Thank all of you for coming out. Thanks to Admiral Carter for having me. It is a huge privilege to join you here at the great Naval Academy – especially during your celebration of 40 years of women. [Applause.] I am right now the only woman permanent representative serving on the 15-member UN Security Council. [Applause.] I guess it’s good there’s one [laughter] – but you all are doing a lot better, and I congratulate you on the fact that 25 percent of your remarkable student body is now women. [Applause.]
And I am so excited to be here and to be a part of this occasion that I brought my parents, who are here in the front row – my mother and my father. [Applause.] And, arguably even more dramatically, I brought my aunt and uncle from a very small village in County Kerry Ireland. So they are here at the Naval Academy, Patricia and Derry Gibson. [Applause.]
All right, to business.
In reflecting on the period immediately following the European revolutions of 1848, the historian A.J.P. Taylor once wrote: “History reached a turning point but failed to turn.” Looking at the Middle East and North Africa some five years after the onset of the Arab Spring, Taylor’s description can feel strikingly apt. Autocratic governments remain in place in much of the region, and a handful of countries are being roiled by some of the most hellish violence the world has seen in at least a generation. Meanwhile, as you all know, terrorist groups have exploited the growing instability and despair to seize large swaths of territory and to attract thousands of foreign fighters.
Because the United States is the most powerful country in the world – and given the state of the region – some have second-guessed the decisions that President Obama and his Administration have made on the Middle East.
We take very seriously the critiques of the Obama Administration’s foreign policy in the region. Some, citing Libya, have charged that we have mistakenly used military force when our vital national security interests were not at stake; others, citing Syria, have blamed us for failing to intervene militarily and suggested that, had we used force against the Assad regime, hundreds of thousands of lives could well have been saved. On the diplomatic front, some feel that our concerns about the absence of political reform in the region have caused us to be too critical of our friends, complicating – or even weakening – partnerships that have served our interests well over many decades. They say we’ve been too idealistic in believing that the mass uprisings of the Arab Spring could lead to more inclusive, accountable governments. At the same time, other critics have deemed us too quick to give up on political reform and the reformers, too quick to revert to allying with strongmen who offer no lasting hope of stability.
These critiques go to the heart of how America is engaging in the Middle East in the most tumultuous period the region has experienced in decades. And they raise a fundamental question that American leaders will continue to grapple with going forward: How do we deploy the foreign policy tools at our disposal – chief among them our military, our diplomacy, and our support for governments and citizens in the region? How do we deploy those tools to advance America’s vital national interests in a period of seismic upheaval? Tonight I would like to take each of these tools in turn.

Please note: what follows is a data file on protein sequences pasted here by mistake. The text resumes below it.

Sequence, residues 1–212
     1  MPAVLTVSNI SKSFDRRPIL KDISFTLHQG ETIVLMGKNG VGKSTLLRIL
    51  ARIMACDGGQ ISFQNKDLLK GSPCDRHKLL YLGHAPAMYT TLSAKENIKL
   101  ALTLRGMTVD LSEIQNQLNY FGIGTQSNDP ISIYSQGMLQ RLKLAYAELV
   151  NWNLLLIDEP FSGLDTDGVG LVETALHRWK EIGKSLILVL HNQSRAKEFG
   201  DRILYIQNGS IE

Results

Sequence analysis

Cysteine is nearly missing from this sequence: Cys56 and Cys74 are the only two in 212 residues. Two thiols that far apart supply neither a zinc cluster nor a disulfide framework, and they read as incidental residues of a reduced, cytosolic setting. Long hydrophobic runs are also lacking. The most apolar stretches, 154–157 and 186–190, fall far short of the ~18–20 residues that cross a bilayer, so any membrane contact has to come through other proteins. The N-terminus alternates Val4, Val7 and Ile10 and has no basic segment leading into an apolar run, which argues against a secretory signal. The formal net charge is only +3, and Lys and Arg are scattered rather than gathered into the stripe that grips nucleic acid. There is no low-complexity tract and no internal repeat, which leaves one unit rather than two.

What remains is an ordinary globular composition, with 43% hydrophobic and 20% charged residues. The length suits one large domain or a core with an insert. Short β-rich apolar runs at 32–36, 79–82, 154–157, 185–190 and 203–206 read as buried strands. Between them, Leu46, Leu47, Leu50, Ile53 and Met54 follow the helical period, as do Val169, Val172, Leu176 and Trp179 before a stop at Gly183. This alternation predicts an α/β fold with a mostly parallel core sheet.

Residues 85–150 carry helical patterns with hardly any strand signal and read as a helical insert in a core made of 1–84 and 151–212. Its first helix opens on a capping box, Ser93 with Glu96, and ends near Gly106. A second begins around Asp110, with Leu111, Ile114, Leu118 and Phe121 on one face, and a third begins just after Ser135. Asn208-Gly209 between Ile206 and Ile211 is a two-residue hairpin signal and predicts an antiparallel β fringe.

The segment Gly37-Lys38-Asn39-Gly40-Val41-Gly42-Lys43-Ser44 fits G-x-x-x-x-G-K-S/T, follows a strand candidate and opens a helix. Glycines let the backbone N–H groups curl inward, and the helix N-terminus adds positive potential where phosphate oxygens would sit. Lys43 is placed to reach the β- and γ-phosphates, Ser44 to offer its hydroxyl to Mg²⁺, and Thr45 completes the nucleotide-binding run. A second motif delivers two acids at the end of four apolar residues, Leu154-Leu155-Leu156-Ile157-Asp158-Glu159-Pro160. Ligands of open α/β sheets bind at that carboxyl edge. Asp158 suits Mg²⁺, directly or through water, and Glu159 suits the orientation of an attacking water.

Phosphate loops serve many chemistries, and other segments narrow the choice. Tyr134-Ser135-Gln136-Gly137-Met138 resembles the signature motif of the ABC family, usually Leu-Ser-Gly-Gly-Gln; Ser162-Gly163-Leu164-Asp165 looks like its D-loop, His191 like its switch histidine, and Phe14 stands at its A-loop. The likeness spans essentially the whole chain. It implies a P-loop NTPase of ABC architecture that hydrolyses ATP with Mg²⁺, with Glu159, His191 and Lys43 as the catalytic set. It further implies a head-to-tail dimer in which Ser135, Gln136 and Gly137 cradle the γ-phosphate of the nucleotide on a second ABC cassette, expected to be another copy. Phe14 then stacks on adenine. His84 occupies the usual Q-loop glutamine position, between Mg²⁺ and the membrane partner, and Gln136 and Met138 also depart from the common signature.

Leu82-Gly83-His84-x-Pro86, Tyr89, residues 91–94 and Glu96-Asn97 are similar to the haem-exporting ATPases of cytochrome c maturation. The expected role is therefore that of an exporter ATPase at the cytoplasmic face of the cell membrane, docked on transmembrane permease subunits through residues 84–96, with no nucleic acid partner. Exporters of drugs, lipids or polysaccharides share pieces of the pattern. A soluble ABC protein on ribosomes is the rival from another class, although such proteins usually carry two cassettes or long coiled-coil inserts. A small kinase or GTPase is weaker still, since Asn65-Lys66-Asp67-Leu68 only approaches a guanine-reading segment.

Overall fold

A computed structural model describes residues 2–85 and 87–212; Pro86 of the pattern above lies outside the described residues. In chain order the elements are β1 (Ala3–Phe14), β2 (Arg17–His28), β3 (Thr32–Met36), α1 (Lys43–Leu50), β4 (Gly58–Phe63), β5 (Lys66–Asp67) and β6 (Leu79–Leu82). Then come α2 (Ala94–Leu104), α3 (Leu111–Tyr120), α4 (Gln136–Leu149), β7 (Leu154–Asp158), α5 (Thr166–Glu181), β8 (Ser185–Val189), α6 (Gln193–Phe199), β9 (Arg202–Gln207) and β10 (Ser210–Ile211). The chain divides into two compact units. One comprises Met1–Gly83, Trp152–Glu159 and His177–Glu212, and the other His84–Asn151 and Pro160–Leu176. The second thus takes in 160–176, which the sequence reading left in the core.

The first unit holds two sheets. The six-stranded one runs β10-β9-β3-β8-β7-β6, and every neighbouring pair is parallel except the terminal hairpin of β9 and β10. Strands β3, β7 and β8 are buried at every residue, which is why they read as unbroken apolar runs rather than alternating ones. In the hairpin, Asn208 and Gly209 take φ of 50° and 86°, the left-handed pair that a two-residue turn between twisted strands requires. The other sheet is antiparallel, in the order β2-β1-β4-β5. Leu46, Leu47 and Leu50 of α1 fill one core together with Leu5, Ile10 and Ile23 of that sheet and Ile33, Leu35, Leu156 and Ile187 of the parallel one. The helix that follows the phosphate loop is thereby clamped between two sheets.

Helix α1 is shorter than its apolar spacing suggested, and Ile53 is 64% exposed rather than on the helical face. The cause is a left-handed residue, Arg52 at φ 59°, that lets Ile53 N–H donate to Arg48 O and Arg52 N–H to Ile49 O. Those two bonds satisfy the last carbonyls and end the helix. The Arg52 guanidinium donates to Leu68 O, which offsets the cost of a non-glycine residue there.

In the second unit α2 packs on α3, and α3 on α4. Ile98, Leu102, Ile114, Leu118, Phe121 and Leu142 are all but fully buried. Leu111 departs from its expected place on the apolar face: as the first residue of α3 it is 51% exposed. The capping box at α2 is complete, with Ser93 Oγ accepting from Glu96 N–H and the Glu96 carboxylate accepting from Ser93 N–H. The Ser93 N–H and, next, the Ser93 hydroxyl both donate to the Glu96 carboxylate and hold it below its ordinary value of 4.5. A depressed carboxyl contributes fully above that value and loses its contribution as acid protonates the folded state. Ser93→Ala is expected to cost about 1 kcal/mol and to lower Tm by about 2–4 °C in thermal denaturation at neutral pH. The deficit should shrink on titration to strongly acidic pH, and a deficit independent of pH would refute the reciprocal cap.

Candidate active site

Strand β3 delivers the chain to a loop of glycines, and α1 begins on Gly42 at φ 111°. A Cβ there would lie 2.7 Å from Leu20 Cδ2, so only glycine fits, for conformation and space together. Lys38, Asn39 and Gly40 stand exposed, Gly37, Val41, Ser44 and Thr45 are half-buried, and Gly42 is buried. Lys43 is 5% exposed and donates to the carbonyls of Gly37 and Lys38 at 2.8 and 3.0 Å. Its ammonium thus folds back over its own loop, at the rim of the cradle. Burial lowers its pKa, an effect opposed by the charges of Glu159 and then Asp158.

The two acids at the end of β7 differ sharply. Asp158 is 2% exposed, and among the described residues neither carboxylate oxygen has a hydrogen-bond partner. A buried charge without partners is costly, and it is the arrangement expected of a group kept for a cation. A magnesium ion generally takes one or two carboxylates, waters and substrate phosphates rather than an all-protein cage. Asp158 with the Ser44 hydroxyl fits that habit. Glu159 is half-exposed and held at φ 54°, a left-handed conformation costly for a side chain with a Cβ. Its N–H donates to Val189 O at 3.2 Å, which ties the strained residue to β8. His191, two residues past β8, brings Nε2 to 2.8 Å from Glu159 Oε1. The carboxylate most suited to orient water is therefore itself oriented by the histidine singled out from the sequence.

First, how do we effectively deploy the U.S. military to advance our interests in the region?
We will not hesitate to use lawful and necessary force unilaterally to systematically degrade and destroy violent extremist groups. We – you – have aggressively hunted down terrorists across borders, killing Osama Bin Laden and decimating Al Qaeda’s senior leadership in Afghanistan and Pakistan. We have done the same with many of ISIL’s top leaders, as American fighters, bombers, drones, and artillery are routinely now pounding ISIL targets. The 66-member coalition that President Obama has marshaled has carried out more than 11,500 airstrikes to date, not only hitting ISIL fighting positions, bunkers, and staging areas, but also degrading ISIL’s ability to move fighters and materiel; and targeting the oil production, industrial base, and money-storing facilities that ISIL needs to finance its violence.
In Iraq, where we have a capable partner, we are working by, with, and through the Iraqi government. Iraqi forces have rolled back ISIL from nearly half of the populated areas that the group dominated at its peak in August 2014. American advisors are assisting Iraqi security forces as they retake territory from ISIL, including towns along the Euphrates River Valley. We have also deployed special operations forces to Iraq and Syria, where their unique capabilities in intelligence gathering, targeting, and training local forces have made them significant force multipliers on the ground. As a result, by any objective measure, ISIL is losing ground.
Put simply, we understand that our military can and often does play a decisive role in the region, and of course more broadly, in the world. Nobody needs to remind us how strong we are.
And we recognize that is true most of all because of the brave men and women who serve in our military’s ranks – individuals like you, who are taking tremendous risks to serve our nation, upon whose shoulders our security rests, and some of whom have made the ultimate sacrifice.